Proteins are frequently synthesized and damaged in the cell. These include normal proteins and microbial pathogens. Major histocompatibility complex (MHC) molecules display fragments of treated proteins on the cell surface. The protein fragment is at times compared to a hot dog, and the MHC protein to the bun. The best identified genes in the MHC region are the subset that encodes antigen-presenting proteins on the cell surface. In humans, these genes are mentioned to as human leukocyte antigen (HLA) genes, though people often use the contraction MHC to refer to HLA gene products . Histocompatibility is the process of having the same, or mostly the same, alleles of a set of genes. These genes are expressed in most tissues as antigens, to which the immune system makes antibodies.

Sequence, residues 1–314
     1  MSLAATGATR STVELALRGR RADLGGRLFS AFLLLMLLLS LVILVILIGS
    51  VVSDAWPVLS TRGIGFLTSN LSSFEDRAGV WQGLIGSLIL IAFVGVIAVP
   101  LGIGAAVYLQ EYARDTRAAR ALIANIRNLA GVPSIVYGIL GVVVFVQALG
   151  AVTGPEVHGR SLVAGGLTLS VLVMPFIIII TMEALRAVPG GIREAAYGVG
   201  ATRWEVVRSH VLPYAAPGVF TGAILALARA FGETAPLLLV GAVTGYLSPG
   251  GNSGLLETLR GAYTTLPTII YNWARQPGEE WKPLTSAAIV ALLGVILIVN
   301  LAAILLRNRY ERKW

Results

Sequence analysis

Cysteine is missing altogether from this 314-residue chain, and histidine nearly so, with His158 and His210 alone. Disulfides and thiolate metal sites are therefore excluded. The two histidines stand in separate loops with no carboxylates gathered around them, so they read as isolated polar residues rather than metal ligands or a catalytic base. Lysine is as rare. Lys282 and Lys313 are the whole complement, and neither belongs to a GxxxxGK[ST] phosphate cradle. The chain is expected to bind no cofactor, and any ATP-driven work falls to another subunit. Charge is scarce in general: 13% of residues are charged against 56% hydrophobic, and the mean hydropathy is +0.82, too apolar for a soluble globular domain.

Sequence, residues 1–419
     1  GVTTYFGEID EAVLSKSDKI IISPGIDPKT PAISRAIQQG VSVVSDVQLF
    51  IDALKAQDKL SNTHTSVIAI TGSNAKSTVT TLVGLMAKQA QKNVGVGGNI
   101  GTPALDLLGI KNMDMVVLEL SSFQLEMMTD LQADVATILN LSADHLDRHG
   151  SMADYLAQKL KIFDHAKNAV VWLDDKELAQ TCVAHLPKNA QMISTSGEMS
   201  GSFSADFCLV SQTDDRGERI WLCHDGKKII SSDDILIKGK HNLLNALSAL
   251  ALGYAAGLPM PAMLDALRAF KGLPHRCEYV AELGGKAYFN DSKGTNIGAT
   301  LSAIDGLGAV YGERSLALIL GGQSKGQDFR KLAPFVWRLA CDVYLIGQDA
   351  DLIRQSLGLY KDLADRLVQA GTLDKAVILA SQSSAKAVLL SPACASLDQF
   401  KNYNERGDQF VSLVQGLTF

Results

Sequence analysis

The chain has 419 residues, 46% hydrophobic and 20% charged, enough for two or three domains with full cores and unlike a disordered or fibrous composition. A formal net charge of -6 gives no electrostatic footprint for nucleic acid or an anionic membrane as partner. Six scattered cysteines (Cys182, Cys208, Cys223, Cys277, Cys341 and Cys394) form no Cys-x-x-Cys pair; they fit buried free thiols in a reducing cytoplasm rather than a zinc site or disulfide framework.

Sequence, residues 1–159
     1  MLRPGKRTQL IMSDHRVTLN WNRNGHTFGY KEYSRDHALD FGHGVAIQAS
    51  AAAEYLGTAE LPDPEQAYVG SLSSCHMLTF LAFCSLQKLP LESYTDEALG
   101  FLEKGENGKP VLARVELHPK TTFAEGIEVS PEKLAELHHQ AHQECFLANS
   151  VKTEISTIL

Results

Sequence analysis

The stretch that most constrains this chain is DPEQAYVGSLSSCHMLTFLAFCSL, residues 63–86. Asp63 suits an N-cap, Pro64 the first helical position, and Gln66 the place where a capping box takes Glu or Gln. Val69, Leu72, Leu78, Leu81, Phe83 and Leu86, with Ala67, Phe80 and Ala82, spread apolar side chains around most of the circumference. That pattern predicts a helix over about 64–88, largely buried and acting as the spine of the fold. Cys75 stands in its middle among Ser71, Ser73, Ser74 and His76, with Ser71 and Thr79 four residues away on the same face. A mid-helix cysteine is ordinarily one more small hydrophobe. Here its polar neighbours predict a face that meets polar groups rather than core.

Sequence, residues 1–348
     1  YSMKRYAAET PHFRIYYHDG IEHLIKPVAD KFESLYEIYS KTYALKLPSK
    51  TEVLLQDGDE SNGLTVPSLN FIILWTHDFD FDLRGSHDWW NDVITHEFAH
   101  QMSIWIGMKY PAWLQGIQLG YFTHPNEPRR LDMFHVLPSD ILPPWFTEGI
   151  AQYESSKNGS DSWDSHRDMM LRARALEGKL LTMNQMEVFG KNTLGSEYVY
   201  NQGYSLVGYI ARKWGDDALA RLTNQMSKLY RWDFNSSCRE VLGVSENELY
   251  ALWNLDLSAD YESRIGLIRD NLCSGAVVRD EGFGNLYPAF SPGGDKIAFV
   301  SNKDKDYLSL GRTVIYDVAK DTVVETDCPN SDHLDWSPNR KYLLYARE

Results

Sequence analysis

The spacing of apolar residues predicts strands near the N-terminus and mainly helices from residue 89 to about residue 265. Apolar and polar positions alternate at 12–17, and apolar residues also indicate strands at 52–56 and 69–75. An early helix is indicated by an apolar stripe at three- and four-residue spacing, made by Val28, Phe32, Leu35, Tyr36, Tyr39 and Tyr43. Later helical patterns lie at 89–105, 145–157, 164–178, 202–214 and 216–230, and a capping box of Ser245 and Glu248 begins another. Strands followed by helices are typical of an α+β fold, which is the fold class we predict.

Allogeneic transplantation will not succeed unless the recipient immune system is down-regulated. Furthermore, down-regulation through immunomodulation must be maintained on a lifelong basis because antigen (the allograft) is not self-limiting in solid organ transplantation; it is always present.

Protein kinase C (PKC), which comprises closely related isoforms, has been implicated in a wide variety of cellular processes, such as growth, differentiation, secretion, apoptosis and tumour development Among the PKC isotypes, PKC-S is unique in that its overexpression results in inhibition of cell growth .